Poetic justice is one of those expressions we occasionally use but when asked what it really means, find it quite hard to explain. In this podcast we'll employ the help of Joseph DeMaistre and his understanding of French Revolution and ensuing terror as an instance of poetical justice and the deeper ordo essendi it stems from.
On last Sunday the carnival in the small Croatian town of Imotski ended up with burning of the mock figure of homosexual couple lovingly cuddling the minuscule puppet of the unpopular politician. The amount of outrage worldwide shocked even the stoic staff of KT's Department of Counterunintelligence and PC Monitoring. Just entering "Croatia outrage" in Google or #Imotski on Twitter around the time this podcast has been published will be enough for you to see what we're talking about.
More or less every thinking man has at one point in his life uttered or at least heard the phrase "X is a-historical" or "Y is not in continuity with history". Admittedly, this doesn't apply to thinking middle aged children one must often deal with in the public sphere of our day, but the question still stands: what exactly do we mean when we claim that something is historically shallow?
Prompted by the passing of great English conservative philosopher Roger Scruton, we take the opportunity to sketch the distinguishing marks separating what it means to be a conservative and what it means to belong to Tradition, stances only seemingly similar but in actual fact worlds apart from each other. We take Scruton as an exemplary figure of contemporary conservative thought and his attitude towards religion as a starting point and argue that it has very little to do with what might be called a traditional attitude. Further we discuss the understanding of time, eternity and causality peculiar for traditional thought and explain how conservatism is in fact alienated from it. We conclude with a broad sketch of what we see as signs that modernity is actually over, taking into consideration an ongoing dissolution of popular art, i.e. the lowest form of the expression of modern spirit.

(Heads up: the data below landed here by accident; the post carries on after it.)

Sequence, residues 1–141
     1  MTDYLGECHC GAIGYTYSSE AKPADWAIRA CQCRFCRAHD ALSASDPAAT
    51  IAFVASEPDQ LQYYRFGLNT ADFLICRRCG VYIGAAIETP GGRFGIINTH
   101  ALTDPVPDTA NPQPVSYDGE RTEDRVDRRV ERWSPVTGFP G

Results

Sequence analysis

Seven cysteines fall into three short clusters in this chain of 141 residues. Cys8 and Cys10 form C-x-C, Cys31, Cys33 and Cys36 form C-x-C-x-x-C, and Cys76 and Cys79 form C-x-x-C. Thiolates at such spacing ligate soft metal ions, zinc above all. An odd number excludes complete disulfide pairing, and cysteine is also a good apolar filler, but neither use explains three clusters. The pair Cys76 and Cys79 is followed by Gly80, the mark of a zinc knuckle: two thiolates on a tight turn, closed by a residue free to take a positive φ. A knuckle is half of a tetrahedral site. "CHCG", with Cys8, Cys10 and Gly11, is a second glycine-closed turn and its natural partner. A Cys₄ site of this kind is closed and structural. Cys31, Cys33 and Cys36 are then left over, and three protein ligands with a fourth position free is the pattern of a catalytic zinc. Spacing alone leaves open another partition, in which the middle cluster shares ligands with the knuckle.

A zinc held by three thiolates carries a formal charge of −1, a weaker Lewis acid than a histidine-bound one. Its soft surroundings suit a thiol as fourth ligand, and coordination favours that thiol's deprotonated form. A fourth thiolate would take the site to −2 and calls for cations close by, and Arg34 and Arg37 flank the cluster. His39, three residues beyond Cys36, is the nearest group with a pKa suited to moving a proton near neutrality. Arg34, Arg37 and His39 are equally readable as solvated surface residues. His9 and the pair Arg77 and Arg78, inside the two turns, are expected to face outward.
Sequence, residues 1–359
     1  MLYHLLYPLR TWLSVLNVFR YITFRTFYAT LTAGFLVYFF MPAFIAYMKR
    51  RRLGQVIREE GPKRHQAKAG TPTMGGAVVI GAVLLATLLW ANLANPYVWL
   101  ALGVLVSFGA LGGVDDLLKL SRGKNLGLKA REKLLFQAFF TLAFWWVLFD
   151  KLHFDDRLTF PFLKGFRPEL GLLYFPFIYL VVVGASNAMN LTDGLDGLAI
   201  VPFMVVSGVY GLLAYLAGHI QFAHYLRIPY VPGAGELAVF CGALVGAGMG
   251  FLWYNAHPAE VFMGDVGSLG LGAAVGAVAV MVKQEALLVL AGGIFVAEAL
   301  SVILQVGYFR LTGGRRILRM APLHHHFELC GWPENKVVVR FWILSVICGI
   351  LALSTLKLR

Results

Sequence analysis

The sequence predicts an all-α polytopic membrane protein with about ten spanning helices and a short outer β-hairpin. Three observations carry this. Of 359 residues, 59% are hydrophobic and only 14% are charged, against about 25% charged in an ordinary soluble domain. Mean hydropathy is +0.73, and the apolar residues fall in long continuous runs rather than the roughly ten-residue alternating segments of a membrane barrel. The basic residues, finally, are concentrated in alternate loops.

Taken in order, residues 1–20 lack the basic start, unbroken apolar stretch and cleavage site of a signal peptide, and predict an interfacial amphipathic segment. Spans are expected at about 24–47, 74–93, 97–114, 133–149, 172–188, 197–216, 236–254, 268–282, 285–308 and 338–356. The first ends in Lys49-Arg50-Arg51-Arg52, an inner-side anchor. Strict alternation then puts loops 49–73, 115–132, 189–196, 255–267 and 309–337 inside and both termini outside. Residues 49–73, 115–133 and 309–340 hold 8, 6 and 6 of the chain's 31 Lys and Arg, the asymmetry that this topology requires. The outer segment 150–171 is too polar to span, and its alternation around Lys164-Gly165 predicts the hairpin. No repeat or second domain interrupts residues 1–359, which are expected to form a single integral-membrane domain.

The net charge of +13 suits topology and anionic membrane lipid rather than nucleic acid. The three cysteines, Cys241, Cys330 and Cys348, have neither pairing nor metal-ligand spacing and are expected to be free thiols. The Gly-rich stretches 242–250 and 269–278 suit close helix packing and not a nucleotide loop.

We continue discussion of the basic notions of metaphysics with the outline of the profound reality beyond the word "hypostasis". We talk about the profound shift in the understanding that came to pass with the formation of the Christian Tradition on Incarnation and the birth of understanding of hypostasis as implicitly personal being. Also we give a brief outline of the significance of the notion of hypostasis as person to the development of what is usually misunderstood as the modern "discovery" of inviolability of person in both moral and legal terms.
In this podcast of the ongoing "Notions of Metaphysics" series we treat the problem of inverted meaning of traditional notions of metaphysics. We use the example of the complementary opposites of material and formal, something we today understand in precisely opposite way to their original meaning. Why this happens, what are the consequences and how does it influence our everyday life are some of the questions we rise in the course of the podcast.
In this Christmas podcast we take a moderately deep dive into Christian understanding of the body and the senses, a peculiar and rarely recognized consequence of the Revelation which arguably created the deepest distinction between Christianity and the soil of the civilization it was implanted in to sprout into what we call a Christian civilization.
In this podcast we talk about the traditional notion of Being and its unwarranted "deconstruction" by modern philosophers, premier among them being Martin Heidegger. As a starting point we take a passage from Boethius' De Trinitate on how Being can never be a subject or substrate and juxtapose it to Heidegger's "phenomenological destruction of traditional ontology" which claims that Tradition does precisely the opposite. From there on we point out the importance of spacial metaphors in metaphysics, where what is "groundless" can mean both something below and something above. It is our contention that thinkers in the vein of Heidegger confuse this metaphysical above and below, and seek abyss where traditional thought sought heaven.
In this podcast we put forward the conceptual pair of identity and difference. Bearing in mind how important it became to start a conversation with something like "I identify as ...", this is not bound to be a mere lecture upon shadows - pure logical determinations or empty concepts. Therefore we juxtapose two really contrary opposites, i.e. opposites that are not complementary although more often than not they are understood as one and the same thing: the whole as opposed to the system. We put forward the undivided oppositional and complementary nature of the 'same' and its 'other', using an example of the union of the soul and body, whereas we describe systemic construct as an oppositional and contrarian relationship of individual parts and totality, characteristic for the union of ego and its reflections. To give you a hint, if you are not sure whether this will be worth spending half an hour of your life: nobody ever heard of - let alone condemned - holistic society, but we all heard, and some of us condemn, the totalitarian one.